Friday, August 07, 2015

Fantastic Four

I didn't have any great expectations when I saw a preview showing of Fantastic Four a couple of days ago, so at least I wasn't disappointed. A reboot of the 2005 film, apparently made so that Fox could hang on to the franchise, it makes some radical changes to the origin story of Marvel's first superhero team: Reed Richards, supergenius elastic man; Sue Storm, with the ability to become invisible and generate force fields; Johnny Storm, human torch; Ben Grimm, stone-clad golem. But none of the changes are improvements, and the film fails to weld together three different narrative sections into a coherent whole. It starts with a slice of Spielbergian wonder as schoolboy Reed hooks up with Ben while searching for an essential component for his teleportation device; then jumps forward a few years when Reed is recruited to a hothouse academy and falls for Sue Storm; and finally takes a turn into grimdark territory after the teleporter accesses the weird energies of an alter Earth, and transforms the four heroes and the villain (as in the comics, helpfully called Victor Von Doom).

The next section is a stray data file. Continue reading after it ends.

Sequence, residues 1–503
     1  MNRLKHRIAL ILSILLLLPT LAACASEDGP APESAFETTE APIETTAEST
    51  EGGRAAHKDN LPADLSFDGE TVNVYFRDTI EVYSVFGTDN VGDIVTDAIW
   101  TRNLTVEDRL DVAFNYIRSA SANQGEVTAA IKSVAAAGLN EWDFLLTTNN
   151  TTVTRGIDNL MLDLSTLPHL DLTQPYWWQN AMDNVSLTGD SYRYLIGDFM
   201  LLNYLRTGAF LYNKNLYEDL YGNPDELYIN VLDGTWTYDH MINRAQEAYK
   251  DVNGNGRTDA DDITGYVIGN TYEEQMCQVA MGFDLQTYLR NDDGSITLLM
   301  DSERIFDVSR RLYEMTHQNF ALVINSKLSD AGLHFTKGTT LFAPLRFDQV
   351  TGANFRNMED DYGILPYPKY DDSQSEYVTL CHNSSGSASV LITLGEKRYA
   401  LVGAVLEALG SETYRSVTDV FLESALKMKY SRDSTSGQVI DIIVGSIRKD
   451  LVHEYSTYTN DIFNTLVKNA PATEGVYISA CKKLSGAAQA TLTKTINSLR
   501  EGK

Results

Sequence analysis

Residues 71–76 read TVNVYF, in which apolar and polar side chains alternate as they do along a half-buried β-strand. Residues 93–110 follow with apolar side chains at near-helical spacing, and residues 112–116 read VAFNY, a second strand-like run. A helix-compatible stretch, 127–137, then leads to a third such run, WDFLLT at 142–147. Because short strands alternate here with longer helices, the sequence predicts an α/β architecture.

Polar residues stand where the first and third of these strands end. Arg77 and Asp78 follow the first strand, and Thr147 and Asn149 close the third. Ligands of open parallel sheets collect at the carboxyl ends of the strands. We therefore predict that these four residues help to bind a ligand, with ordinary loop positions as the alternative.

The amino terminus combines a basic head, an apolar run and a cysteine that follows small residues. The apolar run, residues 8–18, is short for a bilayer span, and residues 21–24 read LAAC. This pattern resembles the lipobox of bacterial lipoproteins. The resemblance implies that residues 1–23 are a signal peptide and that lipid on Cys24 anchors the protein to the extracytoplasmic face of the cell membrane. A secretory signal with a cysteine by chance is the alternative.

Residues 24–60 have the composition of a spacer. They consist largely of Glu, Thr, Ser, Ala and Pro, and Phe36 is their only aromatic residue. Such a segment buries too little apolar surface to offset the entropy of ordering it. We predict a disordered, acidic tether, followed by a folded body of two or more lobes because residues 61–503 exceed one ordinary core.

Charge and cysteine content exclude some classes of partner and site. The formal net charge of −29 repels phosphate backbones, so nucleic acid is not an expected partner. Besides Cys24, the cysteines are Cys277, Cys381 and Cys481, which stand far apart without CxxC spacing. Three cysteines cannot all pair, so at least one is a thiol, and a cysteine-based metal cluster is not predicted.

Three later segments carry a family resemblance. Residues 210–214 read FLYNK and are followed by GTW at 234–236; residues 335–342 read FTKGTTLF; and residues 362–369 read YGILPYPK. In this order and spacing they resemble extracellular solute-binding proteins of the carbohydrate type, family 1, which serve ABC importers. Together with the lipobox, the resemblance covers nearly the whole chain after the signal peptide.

The major problem is that this version of the Fantastic Four's origin story isn't as much fun as the original, in which Reed developed an interstellar spaceship that ran into trouble as soon as it left Earth, exposing Reed, Ben Grimm (who was piloting it) and Reed's fiance Sue and her brother Johnny to the radiation of the Van Allen belts. The 2005 film was a variation on this - exposure to cosmic radiation on Reed's privately-owned space station. In both, Reed's wealth gave them independence and allowed them to become celebrity heroes: having superpowers could be troublesome (especially for Ben Grimm, with the world's worst skin problem), and the four squabbled and fell out in the way all families do, but on the whole being one of the team was pretty swell.

Not so much in the new version (and here, I guess, mild SPOILERS), where the transformation doesn't happen until more than halfway through the film, and the four nascent superheroes become pawns of the military-industrial complex. Despite the lead actors' best efforts to breathe life into their characters, it's a disjointed mess, focusing on construction of the plot MacGuffin and gloomy moral quandaries at the expense of the bits where the superheroes strut their stuff and the crucial annealing of the four as a team. If only it would put an end to the formulaic origin story - hero gets power, fights villain they've accidentally created, establishes franchise identity - repeated across original film treatments and reboots. But it probably won't even succeed in that.


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